With CHARLIE HARPER
Donald Trump is many things. Modest and unassuming are not two of them.
When the American President boasts about how stupendously, unprecedentedly wonderful and successful his administration has been, the first thing he lists among his achievements has been the performance of the American economy during his tenure in the White House.
The US economy, still the biggest in the world but looking over its shoulder at the onrushing train that is China, has indeed done well so far during the Trump era. We have all heard that unemployment is down in the US, that inflation continues to confound economists by remaining low and the stock market continues to advance.
But considering how often Trump brags about “his” economy, it’s worth taking a closer look at America’s performance so far under his leadership, and what, if any, warning signs await us down the road.
The Dow Jones Industrial Average has surged since Trump’s inaugural three years ago from 20,000 to nearly 30,000, and the arrow still seems to be pointing upwards.
The DJIA is a weighted average of the valuation of 30 big US corporations, whose federal tax rates were slashed by the Republican US Congress three years ago. It’s not a huge surprise that this index has risen.
It’s not ideal, of course, that more of these massive corporate gains have not been passed on either to consumers nor to workers.
Stockholders and executives, on the other hand, have profited very nicely. And the Standard and Poors and NASDAQ indices have soared to record or near-record heights, too.
Lest anyone be tempted to grab a pitchfork and head to the barricades, it is worth recalling that an estimated 50 percent of Americans participate in the US stock market in some fashion or another. It is not just fat cats with their huge estates – like the president, come to think of it – who are profiting. There are a lot of Americans whose IRAs and portfolios and other investment and pension plans are moving briskly ahead.
At the same time, all those American consumers are continuing to do what they do best. They are consuming. That is what is driving the US economy forward, despite some dark warning clouds on this presently sunny horizon.
Let’s focus on two of the more ominous of those clouds.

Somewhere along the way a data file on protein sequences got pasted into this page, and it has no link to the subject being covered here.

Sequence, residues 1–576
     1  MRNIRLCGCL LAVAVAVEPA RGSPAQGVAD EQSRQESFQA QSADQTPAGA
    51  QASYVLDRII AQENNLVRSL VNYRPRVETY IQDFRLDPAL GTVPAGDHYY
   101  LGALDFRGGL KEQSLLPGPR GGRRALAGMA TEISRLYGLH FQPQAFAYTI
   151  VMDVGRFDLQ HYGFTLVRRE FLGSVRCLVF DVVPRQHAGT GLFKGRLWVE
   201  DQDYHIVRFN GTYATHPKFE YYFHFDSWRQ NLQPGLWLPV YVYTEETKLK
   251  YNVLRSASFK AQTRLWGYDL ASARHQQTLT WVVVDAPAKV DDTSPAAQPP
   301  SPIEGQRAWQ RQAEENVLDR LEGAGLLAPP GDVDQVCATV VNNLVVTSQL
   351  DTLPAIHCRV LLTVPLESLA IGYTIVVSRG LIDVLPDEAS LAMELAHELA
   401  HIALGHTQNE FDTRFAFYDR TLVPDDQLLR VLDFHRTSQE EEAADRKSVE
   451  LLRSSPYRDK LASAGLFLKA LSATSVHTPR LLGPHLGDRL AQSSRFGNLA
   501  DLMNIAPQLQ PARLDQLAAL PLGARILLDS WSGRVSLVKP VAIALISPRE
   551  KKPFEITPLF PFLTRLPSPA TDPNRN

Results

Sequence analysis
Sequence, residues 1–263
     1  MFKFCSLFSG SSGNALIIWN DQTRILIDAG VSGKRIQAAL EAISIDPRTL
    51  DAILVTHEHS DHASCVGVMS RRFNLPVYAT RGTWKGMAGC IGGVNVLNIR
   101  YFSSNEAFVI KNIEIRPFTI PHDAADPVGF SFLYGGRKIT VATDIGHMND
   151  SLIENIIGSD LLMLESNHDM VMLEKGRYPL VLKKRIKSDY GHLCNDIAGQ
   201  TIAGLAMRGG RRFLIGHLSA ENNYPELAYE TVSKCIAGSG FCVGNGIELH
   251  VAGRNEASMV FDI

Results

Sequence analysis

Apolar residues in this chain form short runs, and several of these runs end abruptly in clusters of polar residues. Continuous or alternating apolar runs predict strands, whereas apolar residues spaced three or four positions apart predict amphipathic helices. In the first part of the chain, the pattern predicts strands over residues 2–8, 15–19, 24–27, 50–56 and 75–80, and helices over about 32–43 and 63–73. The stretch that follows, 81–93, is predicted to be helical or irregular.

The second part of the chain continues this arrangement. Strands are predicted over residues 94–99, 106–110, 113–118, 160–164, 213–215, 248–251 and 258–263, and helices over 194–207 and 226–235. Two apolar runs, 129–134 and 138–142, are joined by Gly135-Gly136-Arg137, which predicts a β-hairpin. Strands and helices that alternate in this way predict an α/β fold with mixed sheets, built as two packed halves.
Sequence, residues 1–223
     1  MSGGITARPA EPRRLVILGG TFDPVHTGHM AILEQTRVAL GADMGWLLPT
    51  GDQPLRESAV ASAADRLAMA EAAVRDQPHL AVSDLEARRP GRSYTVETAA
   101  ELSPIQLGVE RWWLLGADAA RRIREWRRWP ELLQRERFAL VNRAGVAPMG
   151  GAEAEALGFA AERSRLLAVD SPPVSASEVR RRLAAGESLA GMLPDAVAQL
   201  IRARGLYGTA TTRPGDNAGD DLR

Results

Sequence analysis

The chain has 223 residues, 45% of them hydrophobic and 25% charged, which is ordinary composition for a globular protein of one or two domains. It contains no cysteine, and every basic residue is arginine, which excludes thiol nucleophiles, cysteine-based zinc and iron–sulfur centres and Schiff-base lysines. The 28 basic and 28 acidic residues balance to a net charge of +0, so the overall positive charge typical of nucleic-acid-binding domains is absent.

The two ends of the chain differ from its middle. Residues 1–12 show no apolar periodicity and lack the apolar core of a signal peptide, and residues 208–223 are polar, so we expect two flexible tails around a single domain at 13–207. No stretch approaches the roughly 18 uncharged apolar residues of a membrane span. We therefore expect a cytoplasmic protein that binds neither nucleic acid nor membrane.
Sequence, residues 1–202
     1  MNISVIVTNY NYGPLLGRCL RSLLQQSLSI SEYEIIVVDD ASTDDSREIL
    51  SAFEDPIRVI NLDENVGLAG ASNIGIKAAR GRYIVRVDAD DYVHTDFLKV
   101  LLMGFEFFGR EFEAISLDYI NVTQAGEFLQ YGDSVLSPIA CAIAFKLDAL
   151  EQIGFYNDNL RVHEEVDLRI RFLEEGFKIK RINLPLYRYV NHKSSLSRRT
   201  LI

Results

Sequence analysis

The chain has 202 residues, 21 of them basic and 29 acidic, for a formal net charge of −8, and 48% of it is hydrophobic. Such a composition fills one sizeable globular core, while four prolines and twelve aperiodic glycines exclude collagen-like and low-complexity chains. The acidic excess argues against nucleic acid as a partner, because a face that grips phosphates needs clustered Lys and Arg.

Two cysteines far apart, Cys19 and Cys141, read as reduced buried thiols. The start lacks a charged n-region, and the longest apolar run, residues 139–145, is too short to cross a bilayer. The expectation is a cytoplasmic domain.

Cloud One. The Congressional Budget Office has just released a projection that the US federal budget deficit will reach $1.02 trillion – yes, that’s trillion – this year. That is a flood of red ink that has not been equaled since the Obama administration’s last big attempt to pull the US economy out of the Great Recession nearly a decade ago.
As most Republican politicians and affiliated conservative economists have been telling American voters since at least the end of the Second World War, US federal deficits should and usually do diminish in good economic times. The Republicans have also steadfastly stood for balanced budgets, less government spending and lowering taxes.
Under Trump, as he constantly reminds us, some taxes have been cut. But he is using his control of the federal budget to drive government spending to bloated levels, especially on defence. Hence the trillion-dollar deficit this year. And as we see, the budget is light years from being balanced.
Some readers may recall the American budget was last actually balanced some 20 years ago under Bill Clinton when the dot.com boom impelled the US economy to great heights.
But the 2017 Republican tax cuts have, by definition, starved the US government of considerable tax revenue. Trump and his Congressional followers - and Democrats - have passed a federal budget for this year that will total $4.6 trillion. That government spending will naturally juice up overall employment and jobs figures should remain healthy.
All of which is good for Trump’s re-election prospects.